UNSC 10th Technical Report on Daesh 2020 Highlights UN-sanctioned research on terror threats such as Daesh (ISIS). Critical data is provided here for states and NGOs alike.
UNSC Resolution 2593 2021 Continuation of UNSC debates and actions on Afghanistan crisis

Source: Author’s own, using information culled from UN websites.[43]

The Afghanistan crisis has been aided by a superfluous deal between the Taliban and the US, and the latter’s expedited exit from the country that left behind a highly destabilised environment for India to contend with. That the events unfolded close to the UN General Assembly in mid-September, also illustrated how a stronger push on counterterrorism, and recognising such threats without viewing them through multiple political lenses could make a difference on whether an issue will remain only as a discussion point or be translated to an actionable one. And India is not new to these debates. It has repeatedly raised concerns on terrorism, specifically cross-border terrorism in South Asia, long before Kabul fell to the Taliban. That the Western press started to train the spotlight on groups such as the Haqqani Network, Lashkar-e-Taiba, Jaish-e-Mohammed along with Islamic State Khorasan Province (ISKP), Al Qaeda amongst others, has only confirmed New Delhi’s decades-long narrative before the UN.[44]

During India’s presidency, the UNSC adopted Resolution 2593 that highlighted the developments in Afghanistan. It called on the Taliban—using its name—to uphold its publicly stated commitments to counter any terrorist group or individual from using the country to plan and execute terror attacks against any other state.[45]  The resolution referenced UN Resolution 1267 from 1999 on the use of Taliban-run territories of Afghanistan by various regional and transnational jihadist groups alike. Yet, the language of the resolution was relatively tame, proving that although counterterrorism is high on the UN’s agenda, it is difficult to arrive at all-encompassing agreements on terror groups and actors beyond the likes of Al Qaeda and ISIS. This point was further highlighted by the fact that both China and Russia abstained from the vote on Resolution 2593, despite both having significant interests in the potential rise of Islamist extremism in the region, accentuated by the situation in Afghanistan. These gaps between the UNSC permanent members and their ways of exercising veto powers have often impeded upholding the UN Charter’s fundamental aim of maintaining international peace and security.

To highlight this challenge further, while Resolution 2593, in true UN form, used diplomatic language to allude to certain states, groups and actors without directly naming any one of them other than the Taliban, Indian diplomatic officials took it upon themselves to highlight those groups that pose a magnified threat to India following the fall of Afghanistan to the Taliban. Foreign Secretary Harsh Vardhan Shringla said, “UNSCR 2593 unequivocally demands that Afghan territory not be used for sheltering, training, planning, or financing terrorist acts, and specifically refers to terrorist individuals proscribed by the UN Security Council, including Lashkar-e-Taiba and Jaish-e-Mohammad.”[46]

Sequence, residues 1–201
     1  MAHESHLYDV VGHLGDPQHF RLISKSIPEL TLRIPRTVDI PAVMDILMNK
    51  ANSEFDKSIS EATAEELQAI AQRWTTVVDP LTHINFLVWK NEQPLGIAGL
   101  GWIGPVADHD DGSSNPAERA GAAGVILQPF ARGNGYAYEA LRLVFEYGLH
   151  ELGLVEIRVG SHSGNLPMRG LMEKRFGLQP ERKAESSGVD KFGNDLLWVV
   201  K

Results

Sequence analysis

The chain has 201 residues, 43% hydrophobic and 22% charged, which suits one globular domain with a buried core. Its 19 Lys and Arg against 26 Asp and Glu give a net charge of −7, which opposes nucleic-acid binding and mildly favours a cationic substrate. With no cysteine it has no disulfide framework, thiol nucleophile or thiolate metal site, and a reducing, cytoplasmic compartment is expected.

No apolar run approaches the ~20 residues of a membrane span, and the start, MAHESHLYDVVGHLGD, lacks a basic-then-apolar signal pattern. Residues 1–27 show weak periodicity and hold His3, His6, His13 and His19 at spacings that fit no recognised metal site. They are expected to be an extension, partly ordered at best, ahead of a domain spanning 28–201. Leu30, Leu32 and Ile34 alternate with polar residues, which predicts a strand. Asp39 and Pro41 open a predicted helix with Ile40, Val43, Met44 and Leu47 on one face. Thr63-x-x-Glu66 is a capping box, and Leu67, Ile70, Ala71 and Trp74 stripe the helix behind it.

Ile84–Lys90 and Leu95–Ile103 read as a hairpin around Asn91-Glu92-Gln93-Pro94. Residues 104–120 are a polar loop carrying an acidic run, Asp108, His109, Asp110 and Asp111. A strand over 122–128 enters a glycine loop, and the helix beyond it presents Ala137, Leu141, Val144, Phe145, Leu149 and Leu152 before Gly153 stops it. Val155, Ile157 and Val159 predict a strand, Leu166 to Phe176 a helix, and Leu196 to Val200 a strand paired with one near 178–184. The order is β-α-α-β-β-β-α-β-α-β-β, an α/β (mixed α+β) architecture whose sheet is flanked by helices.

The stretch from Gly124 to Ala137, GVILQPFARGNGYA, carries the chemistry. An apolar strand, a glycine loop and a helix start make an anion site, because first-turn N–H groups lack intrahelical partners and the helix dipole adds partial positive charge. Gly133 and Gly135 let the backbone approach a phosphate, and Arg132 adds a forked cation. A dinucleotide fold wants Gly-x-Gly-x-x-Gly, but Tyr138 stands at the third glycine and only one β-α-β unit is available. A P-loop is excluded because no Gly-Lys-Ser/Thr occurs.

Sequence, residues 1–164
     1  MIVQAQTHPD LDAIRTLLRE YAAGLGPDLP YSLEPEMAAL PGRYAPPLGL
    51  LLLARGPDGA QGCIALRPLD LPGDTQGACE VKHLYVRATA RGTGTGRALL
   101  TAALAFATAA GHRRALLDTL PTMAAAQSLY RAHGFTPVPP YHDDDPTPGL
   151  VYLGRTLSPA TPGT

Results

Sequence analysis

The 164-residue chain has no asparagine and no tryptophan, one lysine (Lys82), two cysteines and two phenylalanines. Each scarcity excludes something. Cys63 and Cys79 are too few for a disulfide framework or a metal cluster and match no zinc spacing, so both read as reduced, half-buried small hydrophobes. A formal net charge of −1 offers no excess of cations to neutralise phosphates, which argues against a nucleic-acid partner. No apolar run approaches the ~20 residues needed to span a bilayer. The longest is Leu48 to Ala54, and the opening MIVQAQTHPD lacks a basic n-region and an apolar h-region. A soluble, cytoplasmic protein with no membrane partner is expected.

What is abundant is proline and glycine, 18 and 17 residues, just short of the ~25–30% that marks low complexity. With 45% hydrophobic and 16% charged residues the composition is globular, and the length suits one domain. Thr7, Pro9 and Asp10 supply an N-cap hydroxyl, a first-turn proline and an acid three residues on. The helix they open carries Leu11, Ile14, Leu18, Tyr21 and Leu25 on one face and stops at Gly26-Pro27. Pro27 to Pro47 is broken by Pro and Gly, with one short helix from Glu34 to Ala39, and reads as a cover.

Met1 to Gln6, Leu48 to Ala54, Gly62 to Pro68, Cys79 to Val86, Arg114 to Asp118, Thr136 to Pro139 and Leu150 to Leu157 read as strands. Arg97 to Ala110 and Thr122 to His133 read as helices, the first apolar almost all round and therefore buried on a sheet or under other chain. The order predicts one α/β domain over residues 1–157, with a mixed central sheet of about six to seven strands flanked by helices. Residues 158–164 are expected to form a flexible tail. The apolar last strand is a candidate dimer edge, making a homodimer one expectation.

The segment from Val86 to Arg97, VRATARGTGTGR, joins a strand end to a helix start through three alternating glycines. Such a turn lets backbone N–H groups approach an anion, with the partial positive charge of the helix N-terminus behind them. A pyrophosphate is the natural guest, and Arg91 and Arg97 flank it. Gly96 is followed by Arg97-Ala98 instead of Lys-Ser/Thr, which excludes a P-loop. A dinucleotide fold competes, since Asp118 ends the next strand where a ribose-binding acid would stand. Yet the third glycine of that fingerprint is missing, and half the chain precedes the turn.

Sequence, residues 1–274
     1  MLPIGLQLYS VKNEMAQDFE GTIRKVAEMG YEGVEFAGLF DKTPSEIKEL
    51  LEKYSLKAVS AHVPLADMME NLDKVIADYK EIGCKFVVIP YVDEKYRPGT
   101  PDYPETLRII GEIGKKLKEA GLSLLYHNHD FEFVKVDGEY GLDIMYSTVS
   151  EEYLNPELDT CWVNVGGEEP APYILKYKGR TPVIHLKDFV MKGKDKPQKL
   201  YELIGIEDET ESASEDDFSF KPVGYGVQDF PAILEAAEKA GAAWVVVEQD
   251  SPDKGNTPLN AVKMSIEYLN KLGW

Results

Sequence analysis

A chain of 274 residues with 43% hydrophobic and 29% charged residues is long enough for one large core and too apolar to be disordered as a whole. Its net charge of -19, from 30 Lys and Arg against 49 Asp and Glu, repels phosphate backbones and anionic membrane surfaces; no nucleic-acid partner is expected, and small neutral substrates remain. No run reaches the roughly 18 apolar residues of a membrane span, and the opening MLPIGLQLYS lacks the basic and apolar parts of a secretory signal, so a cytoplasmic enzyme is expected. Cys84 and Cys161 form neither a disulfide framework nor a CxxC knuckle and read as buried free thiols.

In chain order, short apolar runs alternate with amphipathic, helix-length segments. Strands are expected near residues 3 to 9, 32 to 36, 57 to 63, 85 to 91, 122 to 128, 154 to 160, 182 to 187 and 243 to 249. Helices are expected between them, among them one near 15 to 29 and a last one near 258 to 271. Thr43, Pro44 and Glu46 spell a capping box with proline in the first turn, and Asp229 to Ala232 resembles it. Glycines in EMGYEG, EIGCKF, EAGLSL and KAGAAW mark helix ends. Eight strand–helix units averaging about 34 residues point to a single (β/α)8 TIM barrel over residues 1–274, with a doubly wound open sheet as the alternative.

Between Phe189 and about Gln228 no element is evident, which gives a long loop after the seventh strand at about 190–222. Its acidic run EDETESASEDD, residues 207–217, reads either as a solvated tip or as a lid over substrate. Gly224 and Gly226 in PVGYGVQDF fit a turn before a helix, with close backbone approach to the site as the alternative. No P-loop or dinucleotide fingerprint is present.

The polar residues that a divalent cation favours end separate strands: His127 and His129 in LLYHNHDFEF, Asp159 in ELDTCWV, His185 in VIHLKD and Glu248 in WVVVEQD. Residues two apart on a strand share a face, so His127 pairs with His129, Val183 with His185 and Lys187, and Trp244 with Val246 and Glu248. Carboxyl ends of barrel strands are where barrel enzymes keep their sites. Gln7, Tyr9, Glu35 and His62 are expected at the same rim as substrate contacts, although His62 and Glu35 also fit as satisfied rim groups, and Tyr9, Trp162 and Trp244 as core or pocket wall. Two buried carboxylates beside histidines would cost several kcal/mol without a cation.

Genuine progress in counterterrorism is seldom achieved via the UN. However, building robust arguments in tackling this issue within the international community continues to hold significant equity in long-term strategic thinking. The victory of the Taliban has showcased that tactical strategies without long-term political, economic, and societal blueprints have severe limitations within the mostly exclusively kinetic frameworks of counterterrorism itself. These potential shifts in counterterror thinking of the future may end up making multilateralism a much more important tool than many believe it to be today. At the UN, India can be a driving force to help set a realistic and inclusive agenda for the future despite the heightening erosion of trust for such global institutions to deliver on security issues.

Pratnashree Basu is Associate Fellow at ORF, Kolkata.

Kartik Bommakanti is a Fellow at ORF.

Kabir Taneja is a Fellow at ORF.

Aarshi Tirkey is Associate Fellow at ORF.


[a] The five permanent members of the UNSC are China, France, Russia, the United Kingdom, and the United States.

[1] United Nations Security Council, “Provisional Rules of Procedure”.

[2] Kadambini Sharma, “India Takes Over UN Security Council Presidency For August, Thanks France”, August 1, 2021.

[3] Istvan Pogany, “The Role of the President of the U. N. Security Council”, The International and Comparative Law Quarterly 31 (1982): 232.

[4] The UN Security Council Handbook: A User’s Guide to Practice and Procedure”, Security Council Report.

[5] Provisional Program of Work of the Security Council: September 2021”, United Nations Security Council.

[6] Press Trust of India, “India’s Presidency of UNSC ends with ‘substantive’ outcomes on key global issues”,  September 1, 2021.

[7] Huma Siddiqui, “India initiates open debate on maritime security at UNSC; PM Modi to head the meeting, Financial Express, August 09, 2021.

[8] Media Center, “English translation of Prime Minister’s remarks at the UNSC High-Level Open Debate on “Enhancing Maritime Security: A Case For International Cooperation” (August 9, 2021), Ministry of External Affairs, August 10, 2021.

[9] Issuing Presidential Statement, Security Council Underlines Importance of Maritime Safety, Safeguarding Oceans for Legitimate Use,” Press Release, Security Council, August 09, 2021.